With the right cocktails, bars could continue to tap into the home market
THE COVID-created trend of bars offering professionally-made cocktails for home delivery could be here to stay, say bartenders.
During the pandemic a number of bars have made cocktails available for customers to order and enjoy in their homes. But even after the current shutdown is over and premises are allowed to reopen for business, bartenders in Glasgow and Edinburgh reckon there will still be a market for professionally-made cocktails in the home.
Iain McPherson, owner of Edinburgh bars Panda & Sons, Hoot the Redeemer and Nauticus, established cocktail delivery service Edinburgh Booze Delivery in April. It allows consumers in Edinburgh to order cocktails from a number of the city’s bars for delivery to their homes. Cocktails on the site include Panda & Sons’ Switched Negroni and Switched Coconut Daiquiri.
Like bartenders across Scotland, McPherson is looking forward to being able to reopen his bars for business. But he reckons demand for quality cocktails in the home will continue.
“I think there is a strong majority of folk that can’t wait to get back to bars, but there is also a group of consumers that have taken quite a liking to treating themselves from home,” he said.
“I think the real truth will await us once the furlough pay stops for everyone.”
Mal Spence of Kelvingrove Café in Glasgow agreed. Several of the bar’s cocktails are available through Glasgow service the Glasgow Cocktail Collective, including a Paloma and dark rum cocktail the Treacle.
Spence pointed to examples in China, where lockdown has been eased for some time and where home-delivered cocktails remain popular.
“I don’t think this is going to be a short-term thing,” he said.
“If the industry reacts in the right manner, this is probably a layer that could exist in this industry long-term.”
Home delivery is obviously a different proposition to ordering a drink in a bar and so choosing the right cocktails to offer for a delivery service is vital.
Matt Ronald of Blue Dog – which, like Kelvingrove Café, has offered cocktails via the Glasgow Cocktail Collective – said choosing serves from the bar’s cocktail list for home delivery “was quite a complicated process”.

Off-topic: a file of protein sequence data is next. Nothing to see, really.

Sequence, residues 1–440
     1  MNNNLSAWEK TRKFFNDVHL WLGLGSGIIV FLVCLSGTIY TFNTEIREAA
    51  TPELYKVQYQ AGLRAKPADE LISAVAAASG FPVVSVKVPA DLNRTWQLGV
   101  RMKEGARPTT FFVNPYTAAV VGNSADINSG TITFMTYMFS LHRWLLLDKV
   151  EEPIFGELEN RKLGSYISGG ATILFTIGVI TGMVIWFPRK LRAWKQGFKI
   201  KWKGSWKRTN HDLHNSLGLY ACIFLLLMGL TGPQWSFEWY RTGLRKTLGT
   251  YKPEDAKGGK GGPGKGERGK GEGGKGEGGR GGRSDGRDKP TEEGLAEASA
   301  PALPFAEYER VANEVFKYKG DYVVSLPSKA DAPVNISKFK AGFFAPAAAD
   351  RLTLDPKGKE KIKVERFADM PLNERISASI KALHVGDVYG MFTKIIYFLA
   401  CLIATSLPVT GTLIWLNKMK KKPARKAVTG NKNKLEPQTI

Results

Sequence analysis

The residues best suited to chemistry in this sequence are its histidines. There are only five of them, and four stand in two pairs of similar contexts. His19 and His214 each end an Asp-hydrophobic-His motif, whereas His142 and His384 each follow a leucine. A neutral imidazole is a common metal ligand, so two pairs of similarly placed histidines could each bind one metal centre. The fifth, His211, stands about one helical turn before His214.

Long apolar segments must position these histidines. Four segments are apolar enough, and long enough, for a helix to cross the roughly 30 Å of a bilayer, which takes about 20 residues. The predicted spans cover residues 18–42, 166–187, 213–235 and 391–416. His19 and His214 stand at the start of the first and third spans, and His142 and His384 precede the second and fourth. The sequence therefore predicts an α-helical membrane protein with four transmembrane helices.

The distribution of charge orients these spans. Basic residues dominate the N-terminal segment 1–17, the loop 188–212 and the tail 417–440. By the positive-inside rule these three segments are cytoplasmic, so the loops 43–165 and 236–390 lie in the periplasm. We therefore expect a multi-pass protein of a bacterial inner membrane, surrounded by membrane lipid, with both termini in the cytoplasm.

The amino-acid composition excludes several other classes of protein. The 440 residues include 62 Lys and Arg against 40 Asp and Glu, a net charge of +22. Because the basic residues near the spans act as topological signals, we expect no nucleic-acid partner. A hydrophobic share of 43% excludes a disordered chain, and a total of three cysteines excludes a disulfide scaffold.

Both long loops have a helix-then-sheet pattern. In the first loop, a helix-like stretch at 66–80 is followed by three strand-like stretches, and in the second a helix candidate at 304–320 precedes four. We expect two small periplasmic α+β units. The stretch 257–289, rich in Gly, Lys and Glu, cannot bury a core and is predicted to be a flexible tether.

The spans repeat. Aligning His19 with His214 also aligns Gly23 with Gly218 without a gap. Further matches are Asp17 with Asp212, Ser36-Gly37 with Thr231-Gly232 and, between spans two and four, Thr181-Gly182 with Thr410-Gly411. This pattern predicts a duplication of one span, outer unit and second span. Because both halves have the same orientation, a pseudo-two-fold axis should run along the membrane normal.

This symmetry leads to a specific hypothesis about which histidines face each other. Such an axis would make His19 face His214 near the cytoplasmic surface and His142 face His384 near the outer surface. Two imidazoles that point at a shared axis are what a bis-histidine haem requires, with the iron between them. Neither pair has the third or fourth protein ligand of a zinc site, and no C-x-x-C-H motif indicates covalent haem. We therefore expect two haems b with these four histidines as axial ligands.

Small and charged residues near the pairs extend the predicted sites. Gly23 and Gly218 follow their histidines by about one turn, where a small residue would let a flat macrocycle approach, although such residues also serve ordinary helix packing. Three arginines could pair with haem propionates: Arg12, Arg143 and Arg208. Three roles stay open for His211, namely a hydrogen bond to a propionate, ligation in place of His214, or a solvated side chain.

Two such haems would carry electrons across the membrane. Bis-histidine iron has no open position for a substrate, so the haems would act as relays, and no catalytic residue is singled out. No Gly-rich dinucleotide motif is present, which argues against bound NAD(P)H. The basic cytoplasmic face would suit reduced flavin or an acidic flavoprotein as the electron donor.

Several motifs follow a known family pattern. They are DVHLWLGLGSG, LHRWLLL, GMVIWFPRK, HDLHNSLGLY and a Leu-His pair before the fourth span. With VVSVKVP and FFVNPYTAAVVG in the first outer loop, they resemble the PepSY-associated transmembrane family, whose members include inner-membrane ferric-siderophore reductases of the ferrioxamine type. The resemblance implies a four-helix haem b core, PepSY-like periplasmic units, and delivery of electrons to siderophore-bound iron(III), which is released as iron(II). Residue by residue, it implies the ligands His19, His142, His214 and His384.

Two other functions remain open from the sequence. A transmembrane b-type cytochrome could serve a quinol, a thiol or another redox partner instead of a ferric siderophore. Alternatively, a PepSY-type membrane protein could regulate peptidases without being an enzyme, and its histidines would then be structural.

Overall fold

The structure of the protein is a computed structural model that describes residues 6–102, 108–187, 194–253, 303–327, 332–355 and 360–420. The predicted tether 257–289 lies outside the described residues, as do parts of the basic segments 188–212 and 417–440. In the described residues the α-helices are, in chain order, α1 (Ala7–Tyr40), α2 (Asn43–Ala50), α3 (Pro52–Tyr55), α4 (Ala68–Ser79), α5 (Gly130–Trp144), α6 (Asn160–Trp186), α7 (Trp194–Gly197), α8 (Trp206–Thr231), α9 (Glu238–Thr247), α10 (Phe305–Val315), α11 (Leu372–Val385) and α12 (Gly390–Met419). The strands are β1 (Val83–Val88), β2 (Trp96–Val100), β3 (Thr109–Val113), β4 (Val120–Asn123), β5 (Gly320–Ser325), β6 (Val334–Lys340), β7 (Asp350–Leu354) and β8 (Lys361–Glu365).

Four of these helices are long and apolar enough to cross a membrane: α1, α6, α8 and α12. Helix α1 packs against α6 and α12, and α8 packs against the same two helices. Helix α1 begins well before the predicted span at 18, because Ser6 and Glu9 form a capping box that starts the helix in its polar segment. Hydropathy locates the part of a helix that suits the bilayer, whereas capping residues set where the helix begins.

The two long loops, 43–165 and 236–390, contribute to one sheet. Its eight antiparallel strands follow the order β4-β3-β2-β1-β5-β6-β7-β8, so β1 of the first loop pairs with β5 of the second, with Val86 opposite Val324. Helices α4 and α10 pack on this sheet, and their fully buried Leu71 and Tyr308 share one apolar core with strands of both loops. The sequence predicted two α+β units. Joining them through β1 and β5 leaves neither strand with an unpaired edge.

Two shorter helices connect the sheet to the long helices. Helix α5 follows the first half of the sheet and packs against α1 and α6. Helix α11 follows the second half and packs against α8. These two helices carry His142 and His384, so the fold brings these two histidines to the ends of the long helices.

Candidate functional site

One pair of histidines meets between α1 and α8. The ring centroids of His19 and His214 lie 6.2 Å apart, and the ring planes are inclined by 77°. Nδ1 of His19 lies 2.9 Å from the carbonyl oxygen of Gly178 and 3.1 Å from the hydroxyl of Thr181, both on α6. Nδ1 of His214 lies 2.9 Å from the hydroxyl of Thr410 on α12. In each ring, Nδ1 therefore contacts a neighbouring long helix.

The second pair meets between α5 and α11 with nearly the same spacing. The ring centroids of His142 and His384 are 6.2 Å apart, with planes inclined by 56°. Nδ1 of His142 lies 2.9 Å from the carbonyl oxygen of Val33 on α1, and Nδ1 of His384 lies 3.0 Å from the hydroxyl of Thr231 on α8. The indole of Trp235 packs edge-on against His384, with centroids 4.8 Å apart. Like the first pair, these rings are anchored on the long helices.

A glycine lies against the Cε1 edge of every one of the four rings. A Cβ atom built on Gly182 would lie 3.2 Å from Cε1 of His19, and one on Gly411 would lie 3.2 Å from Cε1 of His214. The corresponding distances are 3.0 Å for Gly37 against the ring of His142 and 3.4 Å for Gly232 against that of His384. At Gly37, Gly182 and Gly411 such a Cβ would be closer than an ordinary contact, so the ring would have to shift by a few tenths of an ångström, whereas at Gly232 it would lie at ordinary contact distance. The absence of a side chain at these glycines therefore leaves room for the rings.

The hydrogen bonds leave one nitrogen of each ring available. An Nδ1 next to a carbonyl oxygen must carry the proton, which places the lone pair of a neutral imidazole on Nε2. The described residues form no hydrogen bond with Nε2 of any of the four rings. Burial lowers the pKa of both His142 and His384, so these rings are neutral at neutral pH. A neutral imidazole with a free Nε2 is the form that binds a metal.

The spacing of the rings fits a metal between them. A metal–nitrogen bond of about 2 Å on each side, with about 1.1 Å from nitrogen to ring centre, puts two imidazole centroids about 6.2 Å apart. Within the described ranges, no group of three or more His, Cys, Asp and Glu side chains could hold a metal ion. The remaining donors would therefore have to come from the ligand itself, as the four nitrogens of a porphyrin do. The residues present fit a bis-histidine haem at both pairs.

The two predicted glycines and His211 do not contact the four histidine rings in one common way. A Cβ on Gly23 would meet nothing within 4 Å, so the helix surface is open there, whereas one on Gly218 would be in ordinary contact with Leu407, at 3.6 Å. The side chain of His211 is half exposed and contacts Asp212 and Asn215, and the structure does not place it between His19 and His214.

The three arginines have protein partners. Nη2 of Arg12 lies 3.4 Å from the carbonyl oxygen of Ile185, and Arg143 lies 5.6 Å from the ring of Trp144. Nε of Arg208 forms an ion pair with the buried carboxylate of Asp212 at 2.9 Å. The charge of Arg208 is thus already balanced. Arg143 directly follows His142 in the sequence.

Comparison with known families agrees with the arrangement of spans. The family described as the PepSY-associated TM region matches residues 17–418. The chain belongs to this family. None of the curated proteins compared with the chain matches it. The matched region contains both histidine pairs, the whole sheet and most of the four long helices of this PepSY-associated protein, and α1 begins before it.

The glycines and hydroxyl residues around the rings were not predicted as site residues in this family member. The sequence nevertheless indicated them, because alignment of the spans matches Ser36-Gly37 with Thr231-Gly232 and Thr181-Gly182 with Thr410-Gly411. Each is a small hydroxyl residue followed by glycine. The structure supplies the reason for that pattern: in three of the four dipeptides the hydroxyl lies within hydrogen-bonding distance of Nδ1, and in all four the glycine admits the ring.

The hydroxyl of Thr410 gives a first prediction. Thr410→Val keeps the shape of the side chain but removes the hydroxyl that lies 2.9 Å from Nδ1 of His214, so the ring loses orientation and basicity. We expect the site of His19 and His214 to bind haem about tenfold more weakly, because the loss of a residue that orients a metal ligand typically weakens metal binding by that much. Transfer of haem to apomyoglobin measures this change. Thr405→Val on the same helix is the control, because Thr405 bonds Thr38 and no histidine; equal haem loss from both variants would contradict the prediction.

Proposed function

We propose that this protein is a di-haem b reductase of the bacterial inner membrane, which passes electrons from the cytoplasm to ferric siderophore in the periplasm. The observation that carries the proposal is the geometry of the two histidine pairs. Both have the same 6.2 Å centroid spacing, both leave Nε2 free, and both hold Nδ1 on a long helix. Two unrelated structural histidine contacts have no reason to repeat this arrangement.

“So much of [Blue Dog’s menu] relies on fresh fruit, fresh produce,” said Ronald.
“Very few of our drinks would really suit this platform because it’s all fresh and made to order.
“So what I did was have a trawl through our offering to find what is popular and what wouldn’t spoil overnight in someone’s fridge. Something they could order on a Monday or a Tuesday and it’d still be fine on a Friday.
“Everything we do relies heavily on fresh strawberries, fresh raspberries, mint, etc and that can’t be put in [these drinks].
“So we found a couple of drinks that people had liked and would work quite well being left in the bottle, re-shaken in the bottle and then served over ice.
“So they’re not some of the more iconic Blue Dog drinks but they are things that have been on the menu for a while and are popular.”
Ronald opted to offer Blue Dog’s Jack Daniel’s-based Jumping Jack Flask and vodka-based Emily Emily cocktails for home delivery.
Making the drink as easy as possible to prepare at home is another important factor, said McPherson.
“I think consumers want convenience,” he said.
“Just like the food delivery projects going on, they do at least half the job for you. So it’s literally follow step one, two and three, as opposed to taking hours to make an ingredient from scratch.”
Presentation is another aspect of cocktails that is much more difficult to achieve when the drink is poured at home and for this reason Spence at Kelvingrove Café decided against offering one of the most well-known classic cocktails, the Old Fashioned, through the online service.
“With an Old Fashioned, realistically, a serving of two is going to look small,” he said.
“I think the process of making and serving it, the control of that drink, I think it needs a wee bit more than batching it and serving it out.”
This was echoed by Ronald at Blue Dog, who said presentation can’t be factored into the price of a delivered cocktail in the same way it can in a venue.
“It really depends on what works and what people are willing to pay for,” he said.
“If you’re putting something out that usually is put in a shaker, shaken over ice and then put in a Martini glass and is worth £7 then putting it in a bottle is not really the same experience.
“You’ve got to be careful about what you offer.”
Theatre and engagement with the bartender are other aspects of a bar that can’t be replicated at home and Spence reckoned venues that are determined to offer delivered cocktails long-term will have to find ways to enhance the experience beyond just the liquid itself.
He said: “It’s going one step further than delivering a bottled cocktail. So it’s how we adapt to that environment. How do we deliver the experience of the bar to people’s doorsteps and then into their home as well?
“So we’re looking at different avenues about how we do that, and we’ll be using digital platforms like Youtube and Instagram and stuff to extend what it is, rather than it just being a cocktail you crack open and pour.”